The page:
OSU’s GIH History

Text adapted from the Unite for Reproductive and Gender Equity (URGE) website (04.30.2014).

The Story of Gender-Inclusive Housing at Ohio State

Starting fall of 2014, students attending Ohio State University’s main campus will have the option of living in gender inclusive housing – a living situation that welcomes all genders. After over a year of research, meetings and emails, gender inclusive housing will be a reality on OSU’s main campus in Columbus.

The effort to bring gender inclusive housing (GIH) to Ohio State was spearheaded by student activists Katie Matuska, Chase Ledin and Ben Weekes. There were others (students and a faculty member) involved too whom I did not speak with. M. Gulick (a past graduate student), Chantel Lowe and Matthew Duncan and faculty member Dr. Moddelmog and her research assistant Madison all contributed to making gender inclusive housing a reality.

Bringing gender inclusive housing to campus has not been easy. I was able to interview Katie, Chase and Ben along with Ari Grubaugh, another student activist, about the process of getting university administrators to agree to such an undertaking. But first, a little about the activists.

Ben, Katie and Chase are all graduating seniors. Katie will be receiving her Bachelor of Arts degree in Women’s, Gender, and Sexuality Studies and Political Science. Next year, she will be attending graduate school at the University of Vermont to study Higher Education and Student Affairs Administration, where she says she would like to focus on how institutions of higher education can de-corporatize and overall become more accessible places to enroll in, as well as be accessible in every capacity once students arrive on campus. Chase is an honors English and Sexuality Studies double major with minors in Creative Writing and Theatre. Ben is a biomedical engineering major and Ari is a third year student majoring in Sexuality Studies.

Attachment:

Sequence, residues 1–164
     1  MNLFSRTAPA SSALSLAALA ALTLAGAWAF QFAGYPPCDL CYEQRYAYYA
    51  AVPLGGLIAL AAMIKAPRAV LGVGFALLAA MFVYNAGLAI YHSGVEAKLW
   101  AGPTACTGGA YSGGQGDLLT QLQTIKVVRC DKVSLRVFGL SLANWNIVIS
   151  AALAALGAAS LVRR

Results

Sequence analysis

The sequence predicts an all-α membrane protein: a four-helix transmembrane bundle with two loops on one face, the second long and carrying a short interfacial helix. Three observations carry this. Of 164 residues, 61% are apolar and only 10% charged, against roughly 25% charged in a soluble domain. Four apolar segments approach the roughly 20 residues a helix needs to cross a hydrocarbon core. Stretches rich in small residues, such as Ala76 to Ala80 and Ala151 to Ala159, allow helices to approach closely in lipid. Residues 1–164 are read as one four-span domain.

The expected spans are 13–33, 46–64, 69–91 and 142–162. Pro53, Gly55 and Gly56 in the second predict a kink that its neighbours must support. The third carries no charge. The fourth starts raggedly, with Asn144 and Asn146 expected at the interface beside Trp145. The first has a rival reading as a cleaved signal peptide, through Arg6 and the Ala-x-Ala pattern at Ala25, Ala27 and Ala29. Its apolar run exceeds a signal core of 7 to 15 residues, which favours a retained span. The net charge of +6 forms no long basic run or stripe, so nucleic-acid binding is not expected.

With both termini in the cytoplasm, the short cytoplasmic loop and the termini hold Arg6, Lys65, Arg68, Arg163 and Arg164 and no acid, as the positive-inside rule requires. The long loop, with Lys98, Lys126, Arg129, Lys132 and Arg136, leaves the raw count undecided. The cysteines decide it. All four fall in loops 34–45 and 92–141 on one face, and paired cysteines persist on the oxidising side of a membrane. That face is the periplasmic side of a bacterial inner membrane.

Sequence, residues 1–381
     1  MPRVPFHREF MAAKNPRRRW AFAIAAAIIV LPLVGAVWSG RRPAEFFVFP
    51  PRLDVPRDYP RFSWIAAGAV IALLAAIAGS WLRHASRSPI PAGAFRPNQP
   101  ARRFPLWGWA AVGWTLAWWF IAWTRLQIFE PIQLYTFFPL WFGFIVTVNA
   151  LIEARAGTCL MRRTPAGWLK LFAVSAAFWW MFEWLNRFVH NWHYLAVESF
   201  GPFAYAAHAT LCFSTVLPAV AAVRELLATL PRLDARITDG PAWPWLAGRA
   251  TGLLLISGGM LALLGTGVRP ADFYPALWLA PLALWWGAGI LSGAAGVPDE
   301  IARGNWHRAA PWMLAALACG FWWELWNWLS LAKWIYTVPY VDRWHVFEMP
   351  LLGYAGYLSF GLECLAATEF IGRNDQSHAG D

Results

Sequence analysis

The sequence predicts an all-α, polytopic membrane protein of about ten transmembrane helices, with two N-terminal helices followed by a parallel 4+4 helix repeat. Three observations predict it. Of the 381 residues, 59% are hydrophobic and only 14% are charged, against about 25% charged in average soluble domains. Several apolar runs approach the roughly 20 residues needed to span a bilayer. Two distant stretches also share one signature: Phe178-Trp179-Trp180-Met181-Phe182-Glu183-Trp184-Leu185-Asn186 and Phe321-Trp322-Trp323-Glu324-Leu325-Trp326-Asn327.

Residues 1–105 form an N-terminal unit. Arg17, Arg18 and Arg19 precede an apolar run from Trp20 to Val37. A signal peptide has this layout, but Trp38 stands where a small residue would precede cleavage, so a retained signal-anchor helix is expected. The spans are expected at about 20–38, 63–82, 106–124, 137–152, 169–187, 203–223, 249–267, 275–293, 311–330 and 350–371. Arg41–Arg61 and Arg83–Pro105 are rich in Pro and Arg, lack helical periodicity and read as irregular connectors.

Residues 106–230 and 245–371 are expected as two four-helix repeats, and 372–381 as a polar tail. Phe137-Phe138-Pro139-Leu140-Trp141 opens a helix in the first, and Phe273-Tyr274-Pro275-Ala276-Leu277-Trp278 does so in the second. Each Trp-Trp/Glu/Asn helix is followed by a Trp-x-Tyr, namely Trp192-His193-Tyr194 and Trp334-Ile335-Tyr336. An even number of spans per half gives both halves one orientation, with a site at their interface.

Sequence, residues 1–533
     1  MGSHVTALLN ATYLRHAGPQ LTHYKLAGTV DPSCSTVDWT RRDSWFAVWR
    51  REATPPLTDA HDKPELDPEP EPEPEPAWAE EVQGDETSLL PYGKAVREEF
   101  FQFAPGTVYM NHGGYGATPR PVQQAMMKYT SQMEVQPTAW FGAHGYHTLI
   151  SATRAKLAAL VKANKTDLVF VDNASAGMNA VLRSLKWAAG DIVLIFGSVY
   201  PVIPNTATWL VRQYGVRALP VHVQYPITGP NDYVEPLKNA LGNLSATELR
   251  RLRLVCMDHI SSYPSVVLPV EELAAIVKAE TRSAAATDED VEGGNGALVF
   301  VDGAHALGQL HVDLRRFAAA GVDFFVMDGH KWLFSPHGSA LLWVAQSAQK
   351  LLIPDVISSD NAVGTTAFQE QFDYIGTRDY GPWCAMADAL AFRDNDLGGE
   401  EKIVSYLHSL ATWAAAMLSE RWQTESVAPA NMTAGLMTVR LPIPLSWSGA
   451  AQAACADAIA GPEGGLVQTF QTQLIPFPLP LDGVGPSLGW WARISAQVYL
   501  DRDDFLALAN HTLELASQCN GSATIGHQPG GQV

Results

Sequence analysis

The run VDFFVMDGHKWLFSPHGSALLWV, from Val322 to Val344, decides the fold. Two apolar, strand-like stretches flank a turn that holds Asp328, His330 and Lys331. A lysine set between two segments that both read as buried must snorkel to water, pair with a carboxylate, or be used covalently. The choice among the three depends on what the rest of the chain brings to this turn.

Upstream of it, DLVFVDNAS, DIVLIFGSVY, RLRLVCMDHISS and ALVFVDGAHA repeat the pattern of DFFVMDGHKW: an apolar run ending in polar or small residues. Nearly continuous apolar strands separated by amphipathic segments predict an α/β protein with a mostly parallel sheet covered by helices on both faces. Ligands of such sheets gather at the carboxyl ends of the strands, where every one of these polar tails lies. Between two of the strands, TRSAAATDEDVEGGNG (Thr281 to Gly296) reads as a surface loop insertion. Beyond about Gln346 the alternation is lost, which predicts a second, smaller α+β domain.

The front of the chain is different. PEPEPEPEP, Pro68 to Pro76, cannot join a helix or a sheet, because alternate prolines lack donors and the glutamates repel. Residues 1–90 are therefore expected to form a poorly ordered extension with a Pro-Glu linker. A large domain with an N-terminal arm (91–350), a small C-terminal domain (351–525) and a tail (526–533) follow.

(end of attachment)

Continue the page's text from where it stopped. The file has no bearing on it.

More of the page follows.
How It All Started

It was at MBLGTACC ’13 (Midwestern Bisexual, Lesbian, Gay, Transgender, Ally College Conference) that Katie got the idea to have gender inclusive housing at Ohio State. She learned about gender inclusive housing at other universities and that inspired her.

“At the conference, I learned about gender inclusive housing initiatives other universities were working on, and thought that there wasn’t any reason that Ohio State couldn’t have Gender Inclusive Housing,” said Katie. “On the bus ride back to campus, I organized a group of students  that would ultimately meet with student organizations, conduct research, coordinate with academic departments, meet with administrators, and write numerous proposals.”

This student group became the Gender Inclusive Housing Taskforce.

The Campaign for Gender-Inclusive Housing

The process of getting gender inclusive housing on campus was described by the taskforce members as “exhilarating”  and “challenging.” According to Katie, it was especially challenging working with staff and administrators who are not well trained in queer theory and problems with the gender binary. “Some administrators had not heard the word transgender before. It was hard to both advocate for a resource while educating.”